The Competition Commission of Singapore did a study and concluded that there was no price collusion among oil companies ("Wholesale fuel and petrol pump prices aligned: Study"; Wednesday).
It noted that between June 2014 and last month, the wholesale petrol price fell by 53 per cent and the pre-discounted price of 95-octane petrol fell by 15 per cent.
It added that after discounts, rebates and February 2015's increase in petrol duty were taken into account, the 95-octane petrol price fell by 24 per cent in the period.
This implies that consumers enjoyed a total discount of 24 per cent on a 53 per cent fall in wholesale petrol price.
This is misleading.
Before the fall in wholesale petrol price, there were also discounts and rebates given, so these must be excluded from the comparison.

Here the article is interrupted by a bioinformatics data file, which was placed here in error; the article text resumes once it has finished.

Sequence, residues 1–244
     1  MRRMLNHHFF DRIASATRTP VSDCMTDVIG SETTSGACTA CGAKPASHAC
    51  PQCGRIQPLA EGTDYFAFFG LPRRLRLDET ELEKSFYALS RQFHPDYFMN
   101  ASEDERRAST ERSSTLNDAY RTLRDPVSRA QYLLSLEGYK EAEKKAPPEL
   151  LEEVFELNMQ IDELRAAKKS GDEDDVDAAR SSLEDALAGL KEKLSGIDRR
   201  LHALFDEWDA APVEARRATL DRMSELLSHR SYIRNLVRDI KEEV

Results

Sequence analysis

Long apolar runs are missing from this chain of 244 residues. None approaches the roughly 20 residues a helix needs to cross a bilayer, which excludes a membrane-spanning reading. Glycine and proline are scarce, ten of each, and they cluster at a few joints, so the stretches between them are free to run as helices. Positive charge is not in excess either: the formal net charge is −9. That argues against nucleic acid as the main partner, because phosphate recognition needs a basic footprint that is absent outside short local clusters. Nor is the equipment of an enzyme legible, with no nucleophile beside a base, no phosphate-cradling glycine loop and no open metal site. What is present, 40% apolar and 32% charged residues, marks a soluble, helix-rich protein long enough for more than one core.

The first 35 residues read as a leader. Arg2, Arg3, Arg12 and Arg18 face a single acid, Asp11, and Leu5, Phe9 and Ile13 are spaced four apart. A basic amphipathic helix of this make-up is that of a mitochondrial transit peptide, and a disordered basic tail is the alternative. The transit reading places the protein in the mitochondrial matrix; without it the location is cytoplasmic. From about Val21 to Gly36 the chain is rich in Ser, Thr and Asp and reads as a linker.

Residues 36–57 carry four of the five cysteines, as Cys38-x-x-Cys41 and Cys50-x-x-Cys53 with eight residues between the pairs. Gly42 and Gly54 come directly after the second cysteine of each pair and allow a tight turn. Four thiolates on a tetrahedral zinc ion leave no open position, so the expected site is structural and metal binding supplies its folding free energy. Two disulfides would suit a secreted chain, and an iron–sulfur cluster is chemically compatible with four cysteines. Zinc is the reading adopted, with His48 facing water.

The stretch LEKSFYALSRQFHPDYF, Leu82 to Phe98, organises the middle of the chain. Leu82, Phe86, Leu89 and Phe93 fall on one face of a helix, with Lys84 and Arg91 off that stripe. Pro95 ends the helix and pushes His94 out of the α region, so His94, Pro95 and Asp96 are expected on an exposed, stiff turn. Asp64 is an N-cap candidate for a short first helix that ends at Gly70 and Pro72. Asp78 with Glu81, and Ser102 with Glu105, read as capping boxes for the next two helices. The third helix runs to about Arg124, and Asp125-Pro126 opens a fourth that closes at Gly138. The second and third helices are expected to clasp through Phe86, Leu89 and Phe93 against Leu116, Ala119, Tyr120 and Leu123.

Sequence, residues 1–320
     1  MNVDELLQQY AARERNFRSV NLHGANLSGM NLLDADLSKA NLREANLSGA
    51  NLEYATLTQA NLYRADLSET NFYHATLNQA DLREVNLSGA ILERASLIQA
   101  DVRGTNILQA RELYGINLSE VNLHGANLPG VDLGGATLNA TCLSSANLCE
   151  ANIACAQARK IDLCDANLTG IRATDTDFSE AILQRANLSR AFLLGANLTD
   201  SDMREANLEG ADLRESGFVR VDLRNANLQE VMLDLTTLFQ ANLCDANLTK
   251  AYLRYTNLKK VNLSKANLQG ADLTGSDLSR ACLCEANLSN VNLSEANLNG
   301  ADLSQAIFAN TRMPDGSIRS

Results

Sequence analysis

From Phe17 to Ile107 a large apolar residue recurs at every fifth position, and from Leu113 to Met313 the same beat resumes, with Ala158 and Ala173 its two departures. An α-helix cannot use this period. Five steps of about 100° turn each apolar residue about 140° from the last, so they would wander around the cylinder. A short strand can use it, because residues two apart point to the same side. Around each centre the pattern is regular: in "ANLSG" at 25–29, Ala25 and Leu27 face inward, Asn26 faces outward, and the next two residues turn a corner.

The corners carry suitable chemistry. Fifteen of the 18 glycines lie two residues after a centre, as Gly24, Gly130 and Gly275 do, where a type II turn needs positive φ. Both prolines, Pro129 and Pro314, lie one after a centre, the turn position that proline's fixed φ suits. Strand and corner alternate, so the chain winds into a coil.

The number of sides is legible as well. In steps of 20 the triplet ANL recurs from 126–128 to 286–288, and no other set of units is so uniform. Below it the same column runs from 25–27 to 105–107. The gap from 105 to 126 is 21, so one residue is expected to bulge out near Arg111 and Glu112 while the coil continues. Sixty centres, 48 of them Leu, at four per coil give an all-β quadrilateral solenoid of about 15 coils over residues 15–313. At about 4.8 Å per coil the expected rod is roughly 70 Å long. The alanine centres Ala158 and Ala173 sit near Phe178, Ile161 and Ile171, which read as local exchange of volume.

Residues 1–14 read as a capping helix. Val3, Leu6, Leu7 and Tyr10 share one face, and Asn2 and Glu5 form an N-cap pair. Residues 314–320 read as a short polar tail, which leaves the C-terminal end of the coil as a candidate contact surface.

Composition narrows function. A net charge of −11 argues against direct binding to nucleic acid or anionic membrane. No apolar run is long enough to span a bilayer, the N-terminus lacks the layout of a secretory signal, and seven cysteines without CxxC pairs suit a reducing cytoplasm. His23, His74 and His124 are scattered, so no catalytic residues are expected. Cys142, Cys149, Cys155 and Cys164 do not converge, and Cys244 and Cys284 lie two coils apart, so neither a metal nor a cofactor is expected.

The study was based on the period from Jan 1, 2010, to Jan 31 this year.
During this period, petrol prices went up and then fell.
Will the Competition Commission show how petrol prices correlated to wholesale petrol prices and other costs during the up and down periods, separately? This will help convince consumers of their consistency.
Competition Commission chief executive Toh Han Li further said that the change in petrol prices cannot be 100 per cent in line with changes in wholesale fuel prices.
Since petrol companies have always insisted that pump prices are also affected by other components such as business costs and tax, they ought to give consumers an idea of the weighting of these components in determining the petrol price.
Consumers are reasonable. We do not demand a 100 per cent correlation in prices.
But a 15 per cent fall in petrol price from a 53 per cent fall in wholesale petrol price is too little. That is the gripe among consumers.
A fair correlation between the two should be where the change in petrol price is at least half the change in wholesale petrol price.
This is acceptable even when prices increase.
Steve Goh Han Choon